Stock indexes close out Q3 on a sour note after one of the most brutal Septembers in about two decades.
The S&P 500 lost more than -9% during the month, which leaves the index down nearly -25% for the year. The Dow has lost almost -21% while the Nasdaq is down over -32% so far this year. Bulls are hoping upcoming seasonal trends will help reverse the tide.
September has been the worst performing month of the year going back to 1971 and October has a reputation for “breaking” bear markets. That last claim isn’t always the case, though. Notably, the S&P 500 fell almost -17% in October 2008 after falling more than -9% in September following the collapse of Lehman Brothers.
During midterm elections years like 2022, stocks do tend to rally in the fourth quarter, including October. Bears, however, don’t believe seasonal trends can be counted on this year considering all the unusual external headwinds, including the highest inflation levels in +40 years, aggressive central bank tightening, and a war in Europe.
It is Fed’s turn
Concerns also remain that the US Fed and other central banks are going to “break” something after dysfunctions in several foreign bond and currency markets, including the UK and China, led to chaos last week. Many on Wall Street fear these might be just the first signs of bigger trouble ahead as increasingly tight financial conditions continue to drain liquidity from the the worlds credit markets.
In fact, some inside Wall Street are worried that we could see a global credit crisis. Rumors were flying this weekend that Credit Suisse or perhaps some other major investment bank could be on the brink of collapse.
Late Friday, I heard that the cost of insuring the firm’s bonds against default climbed about +15% last week to levels not seen since 2009.
Here at home, there’s some talk that the Fed’s “Stress Test” for our banks could be a bit dated or backward looking as it mostly test for stress in a similar meltdown to 2008.
From what I am hearing it does not take into account sustained sky-high inflation and ongoing negative real disposable income. In other words, this is much different animal than we have seen in many decades because of the crazy high inflation, so who really knows on the “stress testing”.
Some bulls are still trying to say this is another reason the Fed should issue smaller rate hikes or even pause its tightening campaign at the November or December meetings.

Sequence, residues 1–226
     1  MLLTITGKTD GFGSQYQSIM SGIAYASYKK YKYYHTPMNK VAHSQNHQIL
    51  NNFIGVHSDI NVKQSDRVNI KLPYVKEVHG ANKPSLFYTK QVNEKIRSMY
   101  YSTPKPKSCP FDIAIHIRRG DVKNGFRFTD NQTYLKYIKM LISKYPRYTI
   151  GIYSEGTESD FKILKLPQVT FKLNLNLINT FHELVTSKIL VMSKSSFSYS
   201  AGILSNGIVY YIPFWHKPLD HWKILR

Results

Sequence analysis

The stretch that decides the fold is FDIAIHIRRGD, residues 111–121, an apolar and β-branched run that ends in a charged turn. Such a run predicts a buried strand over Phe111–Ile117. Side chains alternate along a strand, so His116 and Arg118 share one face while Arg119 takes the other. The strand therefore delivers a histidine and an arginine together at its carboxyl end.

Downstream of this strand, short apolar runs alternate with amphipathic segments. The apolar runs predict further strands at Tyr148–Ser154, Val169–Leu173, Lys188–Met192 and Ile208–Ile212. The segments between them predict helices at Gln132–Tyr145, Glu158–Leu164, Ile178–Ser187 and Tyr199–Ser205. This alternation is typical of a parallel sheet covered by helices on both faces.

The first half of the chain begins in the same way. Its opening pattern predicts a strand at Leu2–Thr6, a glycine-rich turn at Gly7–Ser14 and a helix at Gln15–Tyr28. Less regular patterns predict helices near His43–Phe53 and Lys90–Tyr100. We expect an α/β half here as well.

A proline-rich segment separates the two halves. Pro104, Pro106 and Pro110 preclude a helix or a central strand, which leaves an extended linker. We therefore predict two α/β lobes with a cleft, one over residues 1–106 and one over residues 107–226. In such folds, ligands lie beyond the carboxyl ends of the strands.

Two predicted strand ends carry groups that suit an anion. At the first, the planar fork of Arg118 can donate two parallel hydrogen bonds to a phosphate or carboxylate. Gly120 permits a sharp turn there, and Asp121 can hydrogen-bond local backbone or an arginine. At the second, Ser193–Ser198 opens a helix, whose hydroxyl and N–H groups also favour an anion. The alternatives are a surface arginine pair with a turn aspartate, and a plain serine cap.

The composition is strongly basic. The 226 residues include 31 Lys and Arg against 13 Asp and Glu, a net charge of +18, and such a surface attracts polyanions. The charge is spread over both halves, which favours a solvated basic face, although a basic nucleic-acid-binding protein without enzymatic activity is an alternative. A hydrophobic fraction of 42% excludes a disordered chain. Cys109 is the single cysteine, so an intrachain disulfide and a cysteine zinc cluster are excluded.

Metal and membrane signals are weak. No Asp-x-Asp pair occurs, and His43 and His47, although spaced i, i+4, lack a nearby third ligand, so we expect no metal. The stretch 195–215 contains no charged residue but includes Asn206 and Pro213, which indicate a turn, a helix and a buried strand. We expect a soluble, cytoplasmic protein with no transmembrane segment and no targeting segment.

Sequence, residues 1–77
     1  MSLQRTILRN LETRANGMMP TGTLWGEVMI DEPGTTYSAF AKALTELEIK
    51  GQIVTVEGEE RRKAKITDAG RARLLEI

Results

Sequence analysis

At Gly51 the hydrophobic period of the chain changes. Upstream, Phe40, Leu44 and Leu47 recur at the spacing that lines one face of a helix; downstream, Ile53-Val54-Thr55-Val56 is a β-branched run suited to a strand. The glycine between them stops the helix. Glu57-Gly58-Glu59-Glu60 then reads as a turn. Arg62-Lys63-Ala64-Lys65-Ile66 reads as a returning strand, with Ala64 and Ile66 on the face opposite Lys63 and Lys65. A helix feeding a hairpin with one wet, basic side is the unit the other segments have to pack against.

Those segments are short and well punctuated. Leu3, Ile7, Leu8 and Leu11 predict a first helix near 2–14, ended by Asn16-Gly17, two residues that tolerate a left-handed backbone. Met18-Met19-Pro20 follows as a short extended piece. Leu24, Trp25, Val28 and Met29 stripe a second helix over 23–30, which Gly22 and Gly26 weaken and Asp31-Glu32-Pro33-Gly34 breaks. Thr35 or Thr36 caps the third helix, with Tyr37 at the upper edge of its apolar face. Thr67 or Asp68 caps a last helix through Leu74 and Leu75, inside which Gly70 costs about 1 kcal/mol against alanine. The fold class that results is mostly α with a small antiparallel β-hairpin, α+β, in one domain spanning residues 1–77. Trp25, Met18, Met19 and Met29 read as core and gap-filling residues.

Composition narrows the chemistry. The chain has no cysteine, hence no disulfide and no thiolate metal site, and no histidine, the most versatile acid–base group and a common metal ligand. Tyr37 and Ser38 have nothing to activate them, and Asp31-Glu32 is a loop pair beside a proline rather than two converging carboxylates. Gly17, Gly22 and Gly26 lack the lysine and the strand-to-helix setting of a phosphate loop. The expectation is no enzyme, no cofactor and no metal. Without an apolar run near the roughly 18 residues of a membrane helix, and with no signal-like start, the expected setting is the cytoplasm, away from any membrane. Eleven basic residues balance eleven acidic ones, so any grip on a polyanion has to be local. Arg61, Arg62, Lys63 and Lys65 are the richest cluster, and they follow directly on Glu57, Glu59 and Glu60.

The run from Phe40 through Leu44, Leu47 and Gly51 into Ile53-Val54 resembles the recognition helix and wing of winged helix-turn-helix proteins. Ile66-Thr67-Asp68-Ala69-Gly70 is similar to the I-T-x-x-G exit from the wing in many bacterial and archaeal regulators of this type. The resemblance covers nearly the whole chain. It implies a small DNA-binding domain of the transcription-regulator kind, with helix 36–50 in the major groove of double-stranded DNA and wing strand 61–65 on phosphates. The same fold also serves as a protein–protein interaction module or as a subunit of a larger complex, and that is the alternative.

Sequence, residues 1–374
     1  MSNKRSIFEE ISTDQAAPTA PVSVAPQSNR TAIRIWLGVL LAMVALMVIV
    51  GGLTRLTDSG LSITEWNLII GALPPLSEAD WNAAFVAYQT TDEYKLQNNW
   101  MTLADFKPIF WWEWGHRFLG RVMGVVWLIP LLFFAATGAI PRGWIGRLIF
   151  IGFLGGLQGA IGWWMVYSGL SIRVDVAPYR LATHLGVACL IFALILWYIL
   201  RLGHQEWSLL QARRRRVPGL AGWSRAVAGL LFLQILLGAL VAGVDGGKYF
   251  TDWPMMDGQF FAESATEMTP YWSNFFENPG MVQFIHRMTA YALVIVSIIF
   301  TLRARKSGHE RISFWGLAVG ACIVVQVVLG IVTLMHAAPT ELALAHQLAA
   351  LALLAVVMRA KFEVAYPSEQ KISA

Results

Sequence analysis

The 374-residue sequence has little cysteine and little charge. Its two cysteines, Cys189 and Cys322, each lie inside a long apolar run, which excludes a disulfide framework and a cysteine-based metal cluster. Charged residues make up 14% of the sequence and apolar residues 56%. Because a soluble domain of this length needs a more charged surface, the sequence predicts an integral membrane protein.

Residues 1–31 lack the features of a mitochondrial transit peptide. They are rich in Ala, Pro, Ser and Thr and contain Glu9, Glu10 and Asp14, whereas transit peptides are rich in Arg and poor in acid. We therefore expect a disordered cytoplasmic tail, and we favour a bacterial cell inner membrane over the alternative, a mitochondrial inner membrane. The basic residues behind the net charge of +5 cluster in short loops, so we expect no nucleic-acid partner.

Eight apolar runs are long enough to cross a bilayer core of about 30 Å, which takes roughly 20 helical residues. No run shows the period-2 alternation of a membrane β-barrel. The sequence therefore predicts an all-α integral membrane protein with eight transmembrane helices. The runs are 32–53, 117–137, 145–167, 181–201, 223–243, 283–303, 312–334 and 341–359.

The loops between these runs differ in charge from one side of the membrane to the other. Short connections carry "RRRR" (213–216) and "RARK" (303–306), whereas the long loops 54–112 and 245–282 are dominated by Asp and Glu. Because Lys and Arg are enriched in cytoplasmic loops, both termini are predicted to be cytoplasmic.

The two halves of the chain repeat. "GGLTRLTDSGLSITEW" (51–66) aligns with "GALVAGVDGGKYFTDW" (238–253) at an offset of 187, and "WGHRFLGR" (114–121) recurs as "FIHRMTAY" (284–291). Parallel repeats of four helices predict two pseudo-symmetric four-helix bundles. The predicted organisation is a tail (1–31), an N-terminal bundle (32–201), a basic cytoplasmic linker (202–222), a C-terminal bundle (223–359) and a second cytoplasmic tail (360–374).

Bears, however, say the inflationary data still doesn’t support a more dovish Fed, pointing to the PCE Prices Index for August released on Friday that showed a slight decline in the year-over-year rate to 6.2% from 6.4% but a gain in the core rate (strips out food and energy) to 4.9% year-over-year versus 4.7% in July. Combined with earlier data showing the lowest New Jobless Claims since early May, many bears believe the Fed will need to cause an outright recession in order to break the inflation cycle.
Data to watch
Investors will get more job market data this Friday with the key September Employment Report. Economists are forecasting a slowdown in the pace of job gains to +250,000 from +315,000 in August with the unemployment rate holding steady at 3.7%.
More important will be the pace of hourly wage gains with consensus looking for the year-over-year rate to fall back a bit to a gain of +5.1% from +5.2% previously.
Data today includes the ISM Manufacturing Index and Construction Spending.
Turning to oil markets, traders are anxious ahead of OPEC’s meeting on Wednesday with the group set to consider additional output cuts.
Russia is allegedly pushing for a reduction of at least -1 million barrels per day. Several OPEC members are said to be pushing back against the such a large cut in favor of a less steep -500,000 barrels per day.
Oil insider think whatever OPEC is cooking up, it could be a “major” announcement due to the fact that the meeting was switched from online to in person at the last minute. There is even some speculation that members may discuss the possibility of removing Russia from the OPEC+ alliance as no Russian representative is scheduled to attend the meeting.
Speaking of Russia, President Putin on Friday went ahead with the unlawful annexation of four Ukraine regions, as expected. The move will not be recognized by Ukraine and most other countries, but since it is being recognized by Putin, many fear it raises the stakes for the US and its European allies.
Putin warned last week that Russia will use any means necessary, including nuclear weapons, if its territory is threatened. Others think Putin may use the ruse to declare “victory” and seek a peace deal. Interestingly, Ukraine recaptured a key city inside one of the newly annexed regions and all the Russian troops are said to have retreated.
Will Q4 Be Different For Stock Traders?
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